As global leaders gathered for the 26th Conference of Parties or COP26 summit in Glasgow, issues associated with renewing national commitments for carbon footprint reduction and securing funds for climate change adaptation remained under the spotlight. However, an issue that continues to evade the attention of global leaders is the impact of climate change on food security of nations around the world.
Climate change and our existing food systems are intrinsically linked. According to a 2019 report by the Intergovernmental Panel on Climate Change (IPCC) 21-37 per cent of the total GHG emissions are caused by unsustainable farming practices. The Glasgow Climate Pact highlighted the need for all participating countries to revise existing national commitments to further cut down greenhouse gases (GHG) emissions by the end of 2022.
While the IPCC Report highlights the role of carbon dioxide emissions from deforestation and peatland degradation, caused by conversion of land for agriculture, a 2020 study published in Nature, talks of the use of fertilizers in farming increasing the concentration of nitrous oxide in the atmosphere by 1.4 per cent on an average every year since 1980. Furthermore, use of fossil fuels in farm machinery, food processing, packaging, transportation and retail are also major contributors to global warming.
At the same time, climate change also has an observable impact not just on food systems but also on the food that we consume. The IPCC report highlights that yields and nutrition quality of crops like maize and wheat in many lower altitude regions have already been affected due to the rise in mean global temperature. Fruits and vegetables that require a period of cold accumulation in winters face a threat. Furthermore, a 2020 report by the Food and Agricultural Organisation (FOA) shows that increasing frequency and intensity of extreme weather disasters such as floods, droughts and wildfires, and changes like altered precipitation patterns due to climate change are already having a devastating effect. The annual occurrences of such disasters is on a rise, making food production difficult. It is estimated that from 2008-2018, the impacts of natural disasters cost the agricultural sectors of developing countries over $108 billion dollars.
Available evidence suggests that India’s food security is also under threat from climate change. A 2020 report by the Ministry of Earth and Sciences (MoES) shows that there has been a decline in monsoon precipitation levels, increase in droughts and post-monsoon cyclonic storms. The combination of declining precipitation levels and increasing extreme weather events would have a severe impact on our food production capability. Furthermore, estimates by National Innovations on Climate Resilient Agriculture (NICRA) point out that yields of crops like rice and maize would decrease. It was thus encouraging to note that Prime Minister Narendra Modi in his COP26 speech laid emphasis on sustainable agriculture and lifestyle.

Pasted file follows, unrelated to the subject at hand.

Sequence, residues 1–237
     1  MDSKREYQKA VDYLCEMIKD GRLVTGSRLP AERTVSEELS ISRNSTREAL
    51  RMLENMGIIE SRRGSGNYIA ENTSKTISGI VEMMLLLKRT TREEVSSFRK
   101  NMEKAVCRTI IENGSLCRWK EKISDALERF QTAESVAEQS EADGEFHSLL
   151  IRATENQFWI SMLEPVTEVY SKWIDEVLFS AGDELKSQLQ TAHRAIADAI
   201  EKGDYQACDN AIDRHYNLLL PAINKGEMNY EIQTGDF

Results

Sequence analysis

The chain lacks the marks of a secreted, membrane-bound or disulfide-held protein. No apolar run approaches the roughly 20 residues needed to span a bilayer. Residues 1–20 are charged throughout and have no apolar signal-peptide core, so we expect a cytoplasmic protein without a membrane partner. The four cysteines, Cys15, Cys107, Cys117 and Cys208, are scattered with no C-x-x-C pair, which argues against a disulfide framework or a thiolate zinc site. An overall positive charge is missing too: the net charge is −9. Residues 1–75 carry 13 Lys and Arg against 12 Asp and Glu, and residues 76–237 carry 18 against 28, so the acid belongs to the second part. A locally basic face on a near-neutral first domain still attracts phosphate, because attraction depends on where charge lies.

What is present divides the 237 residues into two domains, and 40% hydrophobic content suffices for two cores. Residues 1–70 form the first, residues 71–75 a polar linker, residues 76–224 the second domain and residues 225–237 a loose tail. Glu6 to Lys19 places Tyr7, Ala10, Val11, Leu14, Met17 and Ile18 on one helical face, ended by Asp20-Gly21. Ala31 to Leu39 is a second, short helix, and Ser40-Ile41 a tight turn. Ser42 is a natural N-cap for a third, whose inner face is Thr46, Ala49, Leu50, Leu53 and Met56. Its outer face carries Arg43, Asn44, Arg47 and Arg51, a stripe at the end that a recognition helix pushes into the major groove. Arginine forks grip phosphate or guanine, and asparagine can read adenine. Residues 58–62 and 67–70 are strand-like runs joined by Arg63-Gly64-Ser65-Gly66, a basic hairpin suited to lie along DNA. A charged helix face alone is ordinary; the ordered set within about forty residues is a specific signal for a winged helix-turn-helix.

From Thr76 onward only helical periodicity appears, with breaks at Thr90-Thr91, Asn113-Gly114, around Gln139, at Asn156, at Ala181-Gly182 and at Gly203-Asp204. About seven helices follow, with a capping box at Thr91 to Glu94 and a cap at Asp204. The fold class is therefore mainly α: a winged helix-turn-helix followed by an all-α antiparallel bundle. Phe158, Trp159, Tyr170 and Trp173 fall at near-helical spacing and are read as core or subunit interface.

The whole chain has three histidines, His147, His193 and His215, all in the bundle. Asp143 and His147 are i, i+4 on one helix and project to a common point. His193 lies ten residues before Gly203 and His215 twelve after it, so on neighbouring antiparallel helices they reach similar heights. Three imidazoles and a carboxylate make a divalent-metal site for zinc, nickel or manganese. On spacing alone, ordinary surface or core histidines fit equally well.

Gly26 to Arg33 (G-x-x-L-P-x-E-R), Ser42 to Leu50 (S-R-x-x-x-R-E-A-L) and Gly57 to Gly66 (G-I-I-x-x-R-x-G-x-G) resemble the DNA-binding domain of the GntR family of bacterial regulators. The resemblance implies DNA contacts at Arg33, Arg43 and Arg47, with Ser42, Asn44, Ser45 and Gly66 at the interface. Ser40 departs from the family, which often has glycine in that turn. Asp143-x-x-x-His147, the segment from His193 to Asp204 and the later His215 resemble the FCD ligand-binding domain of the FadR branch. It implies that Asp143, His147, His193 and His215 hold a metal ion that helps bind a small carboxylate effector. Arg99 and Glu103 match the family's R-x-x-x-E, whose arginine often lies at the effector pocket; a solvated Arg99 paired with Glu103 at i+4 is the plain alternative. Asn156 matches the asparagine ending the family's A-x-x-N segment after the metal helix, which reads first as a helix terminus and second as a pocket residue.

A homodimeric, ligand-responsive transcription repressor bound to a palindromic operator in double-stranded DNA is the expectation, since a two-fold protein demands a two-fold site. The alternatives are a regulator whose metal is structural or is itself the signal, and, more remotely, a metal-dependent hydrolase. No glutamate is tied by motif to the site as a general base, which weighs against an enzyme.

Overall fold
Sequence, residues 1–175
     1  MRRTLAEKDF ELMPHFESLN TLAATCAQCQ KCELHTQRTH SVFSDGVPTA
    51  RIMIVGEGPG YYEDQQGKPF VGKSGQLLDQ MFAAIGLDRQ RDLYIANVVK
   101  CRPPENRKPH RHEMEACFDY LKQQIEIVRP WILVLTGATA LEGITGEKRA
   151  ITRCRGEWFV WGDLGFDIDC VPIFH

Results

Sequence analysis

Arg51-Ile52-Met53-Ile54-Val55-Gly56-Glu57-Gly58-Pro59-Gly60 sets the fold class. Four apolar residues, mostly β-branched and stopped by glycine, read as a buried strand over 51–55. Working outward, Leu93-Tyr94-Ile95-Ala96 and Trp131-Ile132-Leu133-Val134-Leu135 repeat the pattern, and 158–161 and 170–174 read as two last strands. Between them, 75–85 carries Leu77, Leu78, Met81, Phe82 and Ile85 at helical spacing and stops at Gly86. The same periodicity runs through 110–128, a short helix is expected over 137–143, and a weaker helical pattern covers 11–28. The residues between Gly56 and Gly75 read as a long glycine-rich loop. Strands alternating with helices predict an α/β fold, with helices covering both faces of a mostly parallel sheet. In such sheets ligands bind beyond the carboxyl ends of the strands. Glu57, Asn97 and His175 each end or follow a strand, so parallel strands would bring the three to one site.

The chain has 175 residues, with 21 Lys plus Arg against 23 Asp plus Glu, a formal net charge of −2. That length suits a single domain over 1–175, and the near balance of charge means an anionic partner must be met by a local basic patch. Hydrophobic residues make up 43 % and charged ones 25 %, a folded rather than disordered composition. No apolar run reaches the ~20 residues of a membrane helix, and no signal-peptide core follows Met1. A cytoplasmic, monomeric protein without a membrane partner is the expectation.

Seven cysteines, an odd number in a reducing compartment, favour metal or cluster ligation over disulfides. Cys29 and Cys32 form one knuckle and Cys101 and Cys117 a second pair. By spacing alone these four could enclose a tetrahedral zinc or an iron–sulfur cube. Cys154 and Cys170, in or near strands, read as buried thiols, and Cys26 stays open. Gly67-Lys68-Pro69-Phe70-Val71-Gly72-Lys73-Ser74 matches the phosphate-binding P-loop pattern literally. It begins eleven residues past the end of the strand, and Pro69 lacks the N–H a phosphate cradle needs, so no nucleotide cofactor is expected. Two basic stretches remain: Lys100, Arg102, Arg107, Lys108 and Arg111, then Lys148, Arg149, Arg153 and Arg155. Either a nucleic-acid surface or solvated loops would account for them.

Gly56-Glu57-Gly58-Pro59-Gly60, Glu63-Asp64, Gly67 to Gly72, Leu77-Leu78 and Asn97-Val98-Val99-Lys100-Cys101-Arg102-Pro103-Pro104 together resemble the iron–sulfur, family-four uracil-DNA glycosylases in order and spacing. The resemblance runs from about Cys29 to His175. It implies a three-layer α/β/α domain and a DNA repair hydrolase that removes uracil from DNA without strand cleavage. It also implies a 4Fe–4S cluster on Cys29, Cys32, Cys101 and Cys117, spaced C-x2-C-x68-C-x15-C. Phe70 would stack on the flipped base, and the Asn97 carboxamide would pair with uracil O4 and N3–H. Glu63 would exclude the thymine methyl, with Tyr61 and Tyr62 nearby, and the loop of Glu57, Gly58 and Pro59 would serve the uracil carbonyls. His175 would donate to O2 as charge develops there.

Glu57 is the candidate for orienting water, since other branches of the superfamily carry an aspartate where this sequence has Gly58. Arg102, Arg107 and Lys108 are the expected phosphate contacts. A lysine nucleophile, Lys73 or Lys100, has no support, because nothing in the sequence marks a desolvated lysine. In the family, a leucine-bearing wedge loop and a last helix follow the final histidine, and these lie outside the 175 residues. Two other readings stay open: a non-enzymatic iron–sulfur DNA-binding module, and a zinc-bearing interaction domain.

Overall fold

Addressing food security in a developing country like India will always be an issue fraught with added complexity. The country has about 195 million people that are undernourished . The recent Global Hunger Index (GHI) report and National Family Health Survey (NFHS-5) show an increase in the number of children suffering from wasting and stunting. Impacts like low yields and poor nutritional quality of food due to climate change would only worsen the situation for the most vulnerable sections of our society and reverse any progress made over the years.
Nutritional deficiencies would affect immunity and increase the burden of diseases. The fact that the Indian population is expected to grow from about 1.36 billion in 2019 to 1.64 billion in 2030 will put even higher demands on the existing systems.
Feeding a growing population while simultaneously ensuring that our systems become sustainable requires concentrated measures. There is a need to promote sustainable food production practices, utilising both cutting edge technology and existing indigenous practices. Traditional practices like sowing indigenous seeds that are less water intensive or using local organic material for compost are valuable assets. Investments will be necessary to make food storage and distribution both energy efficient and carbon neutral. Reducing carbon footprint would require more reliance on locally sourced produce instead of long global supply chains. Addressing nutritional deficiencies in both short and long term would require targeted food supplementation programs. Leveraging public private partnerships could assist in building such channels efficiently. Development of effective early warning systems to predict extreme weather events would not only protect valuable lives but also help in formulating localised policies that could reduce food insecurity. Measures like these are a need of the hour if we are to avert a disaster in time.
Multiple countries also signed two ‘Action Agendas’ at COP26 that call for changing agricultural policies to make them more sustainable and less polluting. However, these initiatives are short on enforcement mechanisms. Steadfast commitments that include a framework on accountability are necessary given that both global hunger and population are seeing a rise in numbers.
(Written by Sunish Jauhari, President of Vitamin Angels India, an international NGO that works on eradicating malnutrition and tackle deficiencies like Vitamin A and anaemia)
Disclaimer: The opinions expressed within this article are the personal opinions of the author. The facts and opinions appearing in the article do not reflect the views of NDTV and NDTV does not assume any responsibility or liability for the same.
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